“Society’s policing of female body hair is so strong that most women don’t question it anymore.”
It’s a heatwave and you’re off to the beach. Sun cream? Check. A good book? Got it. Very little body hair? Hmm, probably. Sound familiar? That’s because most women wouldn’t dream of leaving their body hair intact.
Case in point: remember that scene from the first Sex and the City movie when Samantha shames Miranda for having bikini line hair growth sticking out from her swimsuit? That’s the kind of judgement heaped on women if we deviate from what’s expected from us.
Society’s policing of female body hair is so strong that most women don’t question it anymore. Shaving, waxing, lasering and plucking hair from our legs and armpits to bikini lines and bum holes has become an accepted – and expensive – part of our beauty routine.
And, honestly, I’m fed up! Why in 2018 do we have such a narrow view of beauty for women? Why is it okay for men to rock up with body hair in its natural state OR with a back, sack and crack wax and no one really bats an eyelid? Whereas if a woman has armpit hair or untouched pubic hair, it’s commented upon or viewed as some kind of statement. Why do men have a choice but women don’t?
On the issue of pube grooming, consultant ob-gyn, Dr Shazia Malik, says she has noticed a ‘definite shift’ in behaviour. “I would say a lot more women, and especially younger women, are now doing a Hollywood – removing all their pubic hair,” she says.
This is despite the benefits of pubic hair, such as being a sign of sexual maturity, protecting genitals, helping to keep bacterial infections at bay and, apparently, also trapping pheromones to aid sexual attraction.
Dr Malik says there are no downsides to having pubic hair (it’s natural, after all), but you should keep the area clean with warm water.
Meanwhile, ripping out pubes carries lots of risks with it, including infections, ingrown hairs and burns from waxing or laser treatment. Dr Malik adds: “I had a mum bring her 18-year-old daughter in recently. She had really unpleasant laser burns around her vulva.”
I’ve always had a rocky relationship with hair removal. At 14, I accidentally cut myself on a razor while attempting to shave after being made fun of at school for having hair sprouting from my legs.
Over the years, I’ve had some awful professional bikini line waxes where I’ve come away red raw, bruised and, in some cases, bleeding. In between these experiences, I’ve hacked away at my bikini line or used (disgustingly smelling) hair removal cream, only to find an itchy rash a few hours later.
I’ve even cancelled trips to the pool or beach because I haven’t had time to get rid of hair or I’ve felt ashamed of the tell-tale hair removal rash. And why? To try and fit the acceptable mould of female beauty that Western society dictates through its depiction of women.
“I definitely think there’s a double standard between men and women when it comes to body hair,” says author and body confidence coach, Michelle Elman. “In adverts for shavers for women they don’t even show body hair because its seen as so unattractive.”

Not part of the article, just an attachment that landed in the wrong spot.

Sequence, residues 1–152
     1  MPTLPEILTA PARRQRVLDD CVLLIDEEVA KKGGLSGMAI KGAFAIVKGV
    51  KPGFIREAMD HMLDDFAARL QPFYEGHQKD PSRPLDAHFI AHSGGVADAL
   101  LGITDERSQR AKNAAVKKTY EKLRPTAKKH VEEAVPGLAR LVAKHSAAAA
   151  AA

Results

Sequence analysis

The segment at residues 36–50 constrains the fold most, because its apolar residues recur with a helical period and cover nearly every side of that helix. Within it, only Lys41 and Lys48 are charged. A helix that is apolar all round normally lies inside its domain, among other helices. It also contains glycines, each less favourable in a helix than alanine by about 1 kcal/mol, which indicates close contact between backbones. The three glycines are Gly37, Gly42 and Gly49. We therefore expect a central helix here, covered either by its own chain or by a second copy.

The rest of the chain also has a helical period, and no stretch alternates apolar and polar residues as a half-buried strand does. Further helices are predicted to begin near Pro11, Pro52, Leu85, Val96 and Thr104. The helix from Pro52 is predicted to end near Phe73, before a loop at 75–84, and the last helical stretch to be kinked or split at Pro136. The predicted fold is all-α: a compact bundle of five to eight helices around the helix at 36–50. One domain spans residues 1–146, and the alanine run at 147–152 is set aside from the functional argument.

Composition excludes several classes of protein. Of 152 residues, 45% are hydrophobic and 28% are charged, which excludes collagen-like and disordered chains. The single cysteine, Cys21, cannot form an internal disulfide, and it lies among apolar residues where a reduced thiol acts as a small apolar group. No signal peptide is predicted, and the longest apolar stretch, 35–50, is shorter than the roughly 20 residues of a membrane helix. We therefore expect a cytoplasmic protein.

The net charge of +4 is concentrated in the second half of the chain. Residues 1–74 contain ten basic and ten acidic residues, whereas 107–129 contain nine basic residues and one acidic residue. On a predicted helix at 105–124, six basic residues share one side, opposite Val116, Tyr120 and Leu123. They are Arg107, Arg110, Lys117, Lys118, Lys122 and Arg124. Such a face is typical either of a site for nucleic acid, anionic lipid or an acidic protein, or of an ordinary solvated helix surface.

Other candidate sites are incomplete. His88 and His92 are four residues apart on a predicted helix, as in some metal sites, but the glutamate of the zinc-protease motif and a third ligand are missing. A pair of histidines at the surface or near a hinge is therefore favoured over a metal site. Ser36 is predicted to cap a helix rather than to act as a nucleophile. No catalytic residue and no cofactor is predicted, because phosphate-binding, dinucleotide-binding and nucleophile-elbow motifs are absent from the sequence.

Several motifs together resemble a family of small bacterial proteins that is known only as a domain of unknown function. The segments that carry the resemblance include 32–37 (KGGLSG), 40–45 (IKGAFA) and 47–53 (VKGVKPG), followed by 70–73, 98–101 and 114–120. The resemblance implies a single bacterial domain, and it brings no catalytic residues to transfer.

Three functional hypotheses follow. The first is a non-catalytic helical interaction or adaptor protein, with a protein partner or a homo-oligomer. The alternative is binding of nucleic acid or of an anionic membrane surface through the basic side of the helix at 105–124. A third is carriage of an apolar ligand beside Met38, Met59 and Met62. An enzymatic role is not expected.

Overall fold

Michelle says societal pressure can leave women with huge insecurities, especially when it comes to sex, and porn is a big part of the problem.
“The whole narrative around porn – because everyone is so shaved – leads to women not feeling good enough in the bedroom,” says Michelle. “I’ve had a lot of clients say to me they feel like they aren’t being a good girlfriend if they don’t stay on top of their body hair.”
It’s true that sexual partners can be a factor in the body hair debate. Friends have told me their boyfriends would prefer them to get rid of pubic hair (including on their bum), while one pal even said she thought body hair was dirty.
Alice, 27, a teacher from Exeter, says: “It’s perceived to be the norm that women remove most of their body hair so I think a lot of men expect that. Men have even suggested to me that I’m more likely to get oral sex if pubes are removed.
“For men, body hair isn’t a political issue so they are less aware of what the pressure feels like and the impact it can have on you, and the way the small things they say can make you feel really shit about yourself.”
After Juliet, 48, an author from London, decided to stop removing body hair, she received comments from strangers, who said her armpit hair was “disgusting”.
“If men want a beard or not it’s a preference, a choice,” she says. “For women there’s one kind of behaviour encouraged and rewarded.”
Juliet, a mother of three girls and a boy, says we need to educate youngsters.
“I think we really need to talk to young boys as well as girls,” she says. “So many of them see genitalia for the first time on the internet and they think it’s (being hairless) normal.”
Of course, hair removal is nothing new. Women in ancient Egypt got rid of all their body hair, including from their heads. Beauty trends change throughout the years just like fashions.
But we have to drop this idea that leaving body hair untouched is unattractive, dirty or shameful. We need to question why society has these expectations for women.
Just to be clear, I’m not against anyone removing hair from their body. It should always be a personal choice. Often I feel like doing some grooming, but sometimes, I just want to be the natural me: happy and a bit hairy – and I don’t want to be judged by anyone for that.
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